Jay-Z and Kanye West
Watch The Throne
What do we want from our biggest artists? The ones who are established beyond belief?
How about some Audacity, with a capital ‘A’?
It’s right there in your face before you even open the packaging, with just the album’s name: Watch The Throne. But we’re not just dealing with royalty here; let’s shoot for something a little more. “What’s a king to a god? What’s a god to a non-believer?” Frank Ocean sings on “No Church in the Wild,” the album’s menacing opening track.
A fitting introduction, because here are our gods, at least our gods of rap: Jay-Z and Kanye West, together, not for one or two tracks as a guest, but for a whole album.
Let that sink in. What’s the equivalent of this in another genre? Back in the day, Keith Richards and Paul McCartney getting together, maybe. Or if Bruce Springsteen had been mentored by Bob Dylan. The term “super group” gets thrown around a lot these days, but sorry, Canadian indie bands or alt-country groups that mix and match members, this is an actual one. Behold The Throne; tremble at its power.
And believe in these gods, because they deliver. Watch the Throne is one of the more interesting, envelope-pushing mainstream rap albums in recent memory. Jay-Z is in fine form on his opening verse on “No Church,” dropping lines like “Jesus was a carpenter/Yeezy laid beats/Hova flow the Holy Ghost/Get the hell up out your seats.”
And who else but Kanye West could get the Otis Redding estate to sign off on a chopped-up sample of “Try a Little Tenderness.” “Otis” is downright dirty, a fun romp of West and Jay-Z trading standard rap brags. A little taste of Kanye’s: “Luxury rap, the Hermes of verses/Sophisticated ignorance, write my curses in cursive.”
Perhaps the most special moment on Watch The Throne, as in, Wow, I can’t believe this is really happening!, is on “Gotta Have It,” when Kanye and Jay-Z trade lines, finishing each other’s thoughts, leading to exchanges like this:
Kanye: And last party we had, they shut down the Prive
Jay-Z: Ain’t that where the Heat play?
Jay-Z: N****s hate ballers these days
Kanye: Ain’t that like Lebron James?
Jay-Z: Ain’t that just like D-Wade…Wait.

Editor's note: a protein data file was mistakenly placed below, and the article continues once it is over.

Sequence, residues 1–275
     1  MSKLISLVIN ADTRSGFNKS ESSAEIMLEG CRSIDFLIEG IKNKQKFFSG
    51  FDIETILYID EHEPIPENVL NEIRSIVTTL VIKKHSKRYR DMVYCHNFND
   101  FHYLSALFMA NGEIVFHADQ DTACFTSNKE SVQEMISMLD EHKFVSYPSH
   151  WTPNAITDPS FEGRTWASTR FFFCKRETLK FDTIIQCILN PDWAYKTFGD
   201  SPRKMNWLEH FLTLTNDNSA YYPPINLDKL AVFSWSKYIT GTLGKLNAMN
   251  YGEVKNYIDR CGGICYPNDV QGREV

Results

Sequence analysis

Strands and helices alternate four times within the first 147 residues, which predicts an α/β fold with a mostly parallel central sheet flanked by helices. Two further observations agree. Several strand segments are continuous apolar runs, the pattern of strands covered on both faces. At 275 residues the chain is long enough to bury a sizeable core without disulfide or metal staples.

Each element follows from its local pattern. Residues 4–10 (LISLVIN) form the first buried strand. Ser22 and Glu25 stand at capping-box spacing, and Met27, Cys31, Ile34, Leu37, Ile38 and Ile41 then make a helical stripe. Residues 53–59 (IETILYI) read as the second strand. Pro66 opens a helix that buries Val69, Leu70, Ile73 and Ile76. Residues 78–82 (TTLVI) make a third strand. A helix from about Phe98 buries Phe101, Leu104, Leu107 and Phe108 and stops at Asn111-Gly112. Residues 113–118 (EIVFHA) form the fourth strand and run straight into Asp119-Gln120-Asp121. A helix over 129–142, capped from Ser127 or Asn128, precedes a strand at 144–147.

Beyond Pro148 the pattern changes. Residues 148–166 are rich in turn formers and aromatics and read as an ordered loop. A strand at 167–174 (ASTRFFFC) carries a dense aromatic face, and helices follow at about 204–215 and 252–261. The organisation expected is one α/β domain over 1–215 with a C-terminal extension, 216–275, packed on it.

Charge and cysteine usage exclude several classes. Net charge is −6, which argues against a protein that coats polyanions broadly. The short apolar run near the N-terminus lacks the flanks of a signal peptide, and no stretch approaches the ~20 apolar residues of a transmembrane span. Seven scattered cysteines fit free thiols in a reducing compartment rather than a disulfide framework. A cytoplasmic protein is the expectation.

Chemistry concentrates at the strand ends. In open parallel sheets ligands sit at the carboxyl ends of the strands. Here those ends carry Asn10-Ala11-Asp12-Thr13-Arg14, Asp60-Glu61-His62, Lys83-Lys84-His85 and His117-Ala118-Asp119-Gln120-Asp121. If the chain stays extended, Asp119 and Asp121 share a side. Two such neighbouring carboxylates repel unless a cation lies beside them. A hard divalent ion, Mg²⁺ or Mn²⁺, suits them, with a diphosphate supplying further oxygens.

A new era is here, filled with rap artists willing to push boundaries, who expect themselves and their peers to do the unexpected. Lil’ Wayne makes a rock album, albeit a pretty bad one; Drake releases a hybrid speak-sing R&B/rap as his first single off his new album, so sensitive in his sweater vest. Frank Ocean, an unknown launched by his free online mixtape, nostalgia/ultra, is invited to collaborate with two living legends and then delivers a star-making turn.
Then there is The Throne, still at the top, able to take a little bit of all of those trends and combine them into their own opus. There’s a clear rock influence on the beat of “Murder to Excellence,” a track highlighted by Kanye’s intense verse about the killings in inner city Chicago. There’s “Welcome to the Jungle,” where Jay-Z calls himself the Black Axl Rose over Swizz Beatz’s trademark stuttering snares.
And as for sensitive, no one in the game does it better than these two. You can have your Drake and your The Weeknd; you can have your Trey Songz. But we’ll take the men behind “Lost One” and “Hey Mama” any day.
On The Nina Simone sampling “New Day,” both Kanye and Jay-Z talk about how they would like to raise their sons, and both save some of their best lines for the occasion. Kanye: “And I’ll never let my son have an ego/He’ll be nice to everyone, wherever we go/I mean, I might even make ‘em be Republican/So everybody know he love white people.” Jay-Z: “And if the day comes I only see him on the weekend/I just pray we was in love on the night that we conceived him/Promise to never leave him even if his mama tweakin’/Cause my dad left me and I promised to never repeat him.”
It’s a touch of vulnerability in the sea of bravado, a human side to our superheroes, their Clark Kent moment, if you will. Isn’t it great when our gods, for all their accomplishments, are still like us?